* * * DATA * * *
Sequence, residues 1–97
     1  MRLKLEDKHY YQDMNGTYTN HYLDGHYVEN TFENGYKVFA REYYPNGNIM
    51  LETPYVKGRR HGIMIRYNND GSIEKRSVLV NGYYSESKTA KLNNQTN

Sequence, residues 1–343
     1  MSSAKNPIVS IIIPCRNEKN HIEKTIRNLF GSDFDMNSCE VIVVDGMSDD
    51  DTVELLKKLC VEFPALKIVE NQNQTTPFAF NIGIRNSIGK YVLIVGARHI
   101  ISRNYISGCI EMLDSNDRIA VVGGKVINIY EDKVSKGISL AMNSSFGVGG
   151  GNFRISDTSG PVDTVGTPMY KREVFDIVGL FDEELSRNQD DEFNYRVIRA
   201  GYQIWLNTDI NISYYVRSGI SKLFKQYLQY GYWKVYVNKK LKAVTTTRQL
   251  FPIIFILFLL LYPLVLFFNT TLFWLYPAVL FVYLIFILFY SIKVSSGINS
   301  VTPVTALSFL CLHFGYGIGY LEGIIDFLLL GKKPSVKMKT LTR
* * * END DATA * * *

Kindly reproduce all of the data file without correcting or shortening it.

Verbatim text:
Sequence, residues 1–97
     1  MRLKLEDKHY YQDMNGTYTN HYLDGHYVEN TFENGYKVFA REYYPNGNIM
    51  LETPYVKGRR HGIMIRYNND GSIEKRSVLV NGYYSESKTA KLNNQTN

Sequence, residues 1–343
     1  MSSAKNPIVS IIIPCRNEKN HIEKTIRNLF GSDFDMNSCE VIVVDGMSDD
    51  DTVELLKKLC VEFPALKIVE NQNQTTPFAF NIGIRNSIGK YVLIVGARHI
   101  ISRNYISGCI EMLDSNDRIA VVGGKVINIY EDKVSKGISL AMNSSFGVGG
   151  GNFRISDTSG PVDTVGTPMY KREVFDIVGL FDEELSRNQD DEFNYRVIRA
   201  GYQIWLNTDI NISYYVRSGI SKLFKQYLQY GYWKVYVNKK LKAVTTTRQL
   251  FPIIFILFLL LYPLVLFFNT TLFWLYPAVL FVYLIFILFY SIKVSSGINS
   301  VTPVTALSFL CLHFGYGIGY LEGIIDFLLL GKKPSVKMKT LTR